The Missing Layer

Over the years, we saw many practices when developing applications, especially when using patterns such as MVC. When using this pattern, the model and its role in an application was unclear and misunderstood. Also, we saw and we will see tutorials showing the model, full of ORM annotations, used in a shared way across multiple layers of a project.

This confusion comes in three forms when writing code:

Picking one of these options is problematic. None of these options are meaningful, yet the trap that most developers fall in is choosing the the first form: controllers hold the logic.

Let’s look at this controller:

public class IssueController {


  public List<IssueEntity> getAllIssues = (request, response) -> {
    return issueDao.getAllIssues()

  public IssueEntity postNewIssue = (request, response) -> {
    if (isLoggedIn(request, respons)) {
      String summary = getQuerySummary(request);
      String author = getSessionCurrentUsername(request); // :o
      String description = getQueryDescription(request);
      IssueEntity issueEntity = new IssueEntity(summary, author, description);
      return issue;
    return null;

  private boolean isLoggedIn = (request, response) -> {
    return logInController.ensureUserIsLoggedIn(request, response);

  private String getSessionCurrentUsername = (request) -> {

This code is my code, which I wrote in the past. Unfortunately, there are several drawbacks and we can use it here to exhibit the problem in MVC:

We need to solve these problems elegantly.

You may ask how? The answer is: Extract the infrastructural concerns.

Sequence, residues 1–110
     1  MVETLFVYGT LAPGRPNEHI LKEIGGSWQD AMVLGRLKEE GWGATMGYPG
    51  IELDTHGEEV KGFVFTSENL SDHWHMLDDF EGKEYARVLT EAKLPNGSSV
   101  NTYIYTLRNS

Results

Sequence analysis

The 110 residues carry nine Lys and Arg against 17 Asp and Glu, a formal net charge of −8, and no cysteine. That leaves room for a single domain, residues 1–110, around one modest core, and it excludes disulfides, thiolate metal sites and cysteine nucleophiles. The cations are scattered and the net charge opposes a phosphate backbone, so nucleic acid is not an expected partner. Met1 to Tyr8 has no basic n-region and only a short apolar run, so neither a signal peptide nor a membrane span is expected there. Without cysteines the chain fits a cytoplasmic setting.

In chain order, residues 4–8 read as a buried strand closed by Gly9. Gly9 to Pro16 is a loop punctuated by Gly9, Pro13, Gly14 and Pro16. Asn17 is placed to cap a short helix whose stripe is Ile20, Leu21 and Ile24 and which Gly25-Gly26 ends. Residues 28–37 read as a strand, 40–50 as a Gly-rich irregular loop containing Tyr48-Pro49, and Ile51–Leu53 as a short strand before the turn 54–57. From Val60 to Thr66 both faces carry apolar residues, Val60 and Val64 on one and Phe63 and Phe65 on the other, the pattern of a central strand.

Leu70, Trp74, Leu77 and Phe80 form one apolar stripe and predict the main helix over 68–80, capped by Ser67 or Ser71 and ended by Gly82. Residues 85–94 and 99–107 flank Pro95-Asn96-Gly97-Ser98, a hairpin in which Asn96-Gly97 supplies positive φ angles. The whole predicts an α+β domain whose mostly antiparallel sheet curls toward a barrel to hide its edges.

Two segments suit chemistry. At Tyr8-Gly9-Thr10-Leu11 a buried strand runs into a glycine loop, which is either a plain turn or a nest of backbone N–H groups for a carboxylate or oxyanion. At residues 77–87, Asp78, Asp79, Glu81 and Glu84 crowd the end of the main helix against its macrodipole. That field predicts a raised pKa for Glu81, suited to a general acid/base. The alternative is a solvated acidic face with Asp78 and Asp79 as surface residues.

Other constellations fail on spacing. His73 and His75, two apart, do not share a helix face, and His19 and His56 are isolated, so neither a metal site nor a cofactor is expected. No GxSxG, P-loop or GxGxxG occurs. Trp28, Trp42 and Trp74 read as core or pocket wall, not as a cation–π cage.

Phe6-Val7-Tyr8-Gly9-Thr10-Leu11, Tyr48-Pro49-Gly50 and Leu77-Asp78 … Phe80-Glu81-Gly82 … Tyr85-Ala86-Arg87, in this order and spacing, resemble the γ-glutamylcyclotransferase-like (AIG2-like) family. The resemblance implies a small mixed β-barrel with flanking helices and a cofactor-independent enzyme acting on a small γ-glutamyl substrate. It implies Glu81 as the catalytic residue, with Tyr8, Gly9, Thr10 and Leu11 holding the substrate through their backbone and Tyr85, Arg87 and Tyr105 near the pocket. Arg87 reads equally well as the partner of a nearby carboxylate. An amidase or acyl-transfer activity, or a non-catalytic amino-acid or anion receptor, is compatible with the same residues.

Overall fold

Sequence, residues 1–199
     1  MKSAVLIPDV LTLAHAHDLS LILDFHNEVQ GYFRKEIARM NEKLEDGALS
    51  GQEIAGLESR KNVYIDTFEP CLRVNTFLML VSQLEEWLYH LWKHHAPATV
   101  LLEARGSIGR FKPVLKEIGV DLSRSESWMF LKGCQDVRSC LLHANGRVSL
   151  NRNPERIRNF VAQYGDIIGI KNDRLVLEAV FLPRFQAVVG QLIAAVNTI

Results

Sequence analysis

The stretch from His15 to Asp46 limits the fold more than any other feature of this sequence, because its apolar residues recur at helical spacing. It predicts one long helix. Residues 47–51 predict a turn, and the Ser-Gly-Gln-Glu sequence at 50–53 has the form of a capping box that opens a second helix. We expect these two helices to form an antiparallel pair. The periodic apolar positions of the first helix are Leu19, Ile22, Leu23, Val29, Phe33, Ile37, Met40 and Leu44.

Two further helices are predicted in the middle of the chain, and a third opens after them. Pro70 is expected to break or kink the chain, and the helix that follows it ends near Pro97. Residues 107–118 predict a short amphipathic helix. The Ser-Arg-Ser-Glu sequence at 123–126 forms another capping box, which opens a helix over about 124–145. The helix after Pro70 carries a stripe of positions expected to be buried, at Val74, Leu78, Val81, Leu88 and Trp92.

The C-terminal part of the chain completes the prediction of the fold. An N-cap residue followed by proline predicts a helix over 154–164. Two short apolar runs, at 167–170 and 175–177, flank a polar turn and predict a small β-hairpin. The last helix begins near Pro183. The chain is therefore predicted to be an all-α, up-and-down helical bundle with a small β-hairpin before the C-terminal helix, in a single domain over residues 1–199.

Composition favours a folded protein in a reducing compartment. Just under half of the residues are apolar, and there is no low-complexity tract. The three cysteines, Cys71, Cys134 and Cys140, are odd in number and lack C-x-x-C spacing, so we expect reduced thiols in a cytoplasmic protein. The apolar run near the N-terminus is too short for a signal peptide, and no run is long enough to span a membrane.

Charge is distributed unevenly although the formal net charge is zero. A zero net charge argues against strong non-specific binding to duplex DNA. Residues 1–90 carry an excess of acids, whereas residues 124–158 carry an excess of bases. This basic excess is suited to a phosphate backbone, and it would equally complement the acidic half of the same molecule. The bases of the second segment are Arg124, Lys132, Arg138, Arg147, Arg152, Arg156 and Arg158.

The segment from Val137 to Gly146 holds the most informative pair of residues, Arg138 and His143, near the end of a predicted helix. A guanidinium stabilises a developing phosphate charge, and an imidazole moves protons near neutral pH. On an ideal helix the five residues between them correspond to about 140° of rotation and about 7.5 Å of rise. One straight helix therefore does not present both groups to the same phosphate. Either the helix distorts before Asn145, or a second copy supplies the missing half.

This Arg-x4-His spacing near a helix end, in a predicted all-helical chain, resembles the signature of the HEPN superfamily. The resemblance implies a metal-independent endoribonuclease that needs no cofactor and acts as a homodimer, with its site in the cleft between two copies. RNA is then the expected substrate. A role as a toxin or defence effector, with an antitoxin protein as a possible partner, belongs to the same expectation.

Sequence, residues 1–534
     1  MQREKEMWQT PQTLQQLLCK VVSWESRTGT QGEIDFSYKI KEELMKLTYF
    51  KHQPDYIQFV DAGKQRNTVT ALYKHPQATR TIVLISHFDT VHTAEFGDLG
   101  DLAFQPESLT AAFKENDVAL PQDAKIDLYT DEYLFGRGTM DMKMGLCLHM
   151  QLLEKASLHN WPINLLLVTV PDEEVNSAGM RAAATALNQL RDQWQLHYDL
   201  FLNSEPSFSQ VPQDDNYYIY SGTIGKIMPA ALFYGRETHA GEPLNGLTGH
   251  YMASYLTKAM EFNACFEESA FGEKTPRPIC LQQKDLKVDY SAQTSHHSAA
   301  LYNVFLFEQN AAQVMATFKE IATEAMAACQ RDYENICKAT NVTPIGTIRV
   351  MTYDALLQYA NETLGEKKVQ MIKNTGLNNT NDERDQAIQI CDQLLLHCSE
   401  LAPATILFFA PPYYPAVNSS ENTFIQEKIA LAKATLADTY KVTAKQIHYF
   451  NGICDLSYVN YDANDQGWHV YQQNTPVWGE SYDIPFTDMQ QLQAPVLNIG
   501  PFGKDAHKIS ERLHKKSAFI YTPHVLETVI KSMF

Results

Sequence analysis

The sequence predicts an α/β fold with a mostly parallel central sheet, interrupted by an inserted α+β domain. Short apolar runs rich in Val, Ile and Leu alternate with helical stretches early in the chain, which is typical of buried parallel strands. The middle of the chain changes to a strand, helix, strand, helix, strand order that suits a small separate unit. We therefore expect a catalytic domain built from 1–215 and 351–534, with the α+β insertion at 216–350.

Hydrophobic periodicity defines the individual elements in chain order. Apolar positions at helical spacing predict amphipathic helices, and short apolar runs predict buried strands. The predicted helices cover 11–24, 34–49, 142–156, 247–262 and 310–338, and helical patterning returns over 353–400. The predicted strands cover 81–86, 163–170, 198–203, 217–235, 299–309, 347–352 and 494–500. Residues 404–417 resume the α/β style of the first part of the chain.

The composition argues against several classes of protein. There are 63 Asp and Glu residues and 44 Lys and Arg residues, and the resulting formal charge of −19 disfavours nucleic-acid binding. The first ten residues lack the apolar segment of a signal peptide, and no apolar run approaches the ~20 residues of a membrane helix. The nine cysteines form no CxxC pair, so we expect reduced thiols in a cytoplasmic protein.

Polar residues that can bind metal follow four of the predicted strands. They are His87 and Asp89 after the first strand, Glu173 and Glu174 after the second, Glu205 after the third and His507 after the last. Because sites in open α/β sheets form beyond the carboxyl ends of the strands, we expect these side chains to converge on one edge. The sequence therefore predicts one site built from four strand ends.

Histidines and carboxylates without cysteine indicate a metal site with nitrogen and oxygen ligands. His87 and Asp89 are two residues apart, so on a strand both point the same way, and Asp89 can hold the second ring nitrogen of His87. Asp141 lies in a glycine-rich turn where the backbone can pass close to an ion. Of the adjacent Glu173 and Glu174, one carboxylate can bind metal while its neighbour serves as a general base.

You may ask again ask how you would design the business logic layer? The keyword here is the business logic layer, BLL.

To answer this question, let’s consider MVC again in our case.

C is the IssueController, and M is the IssueEntity. We omit V right now as we return only JSON.

To enhance this code we need to find an equilibrium between C and M of M-C-V (or MVC, also ordered).

Let’s call it the missing layer of M-x-C-V.

That mystery layer x contains the heart of our software.

The missing layer in MVC is the domain model. The model that contains the business rules of our domain. And it’s what we should spend most of our time, thinking about how to craft it effectively.

M-C-V becomes RM-C-V, where RM stands for Rich Model.

And why do we change M to RM? What is wrong with M?

M is diagnosed with “oo-anemia”. It lacks enough of behavior and is used as a sate holder in an OOP world.

M is known as Anemic Domain Model.

So What is an Anemic Domain Model?

A class with state exposed by getters and setters is an Anemic Model. An anemic model is often used as DTO object - a class with private fields and setters and getters.

Compared to the anemic model, a rich domain model does not provide the ability to modify fields externally. There are no setter methods. Variables have private access; they are set in a private constructor. Custom methods need to be created and used to update an object’s state based on a set of rules.

Moreover, factory pattern can be used to create new objects. Additionally, we need some getters to extract some information.

Now, you ask what should look like a controller in this case?

The controller need to become stateless and provide its service by using the Rich Model methods. And it will be more useful when the workflow doesn’t fit the current model. Except that, it must do what is asked by the model methods.

The most important thing about this approach is that the rich domain object provides business methods, exposing the model’s behavior and not just its state (as for standard models with getters/setters).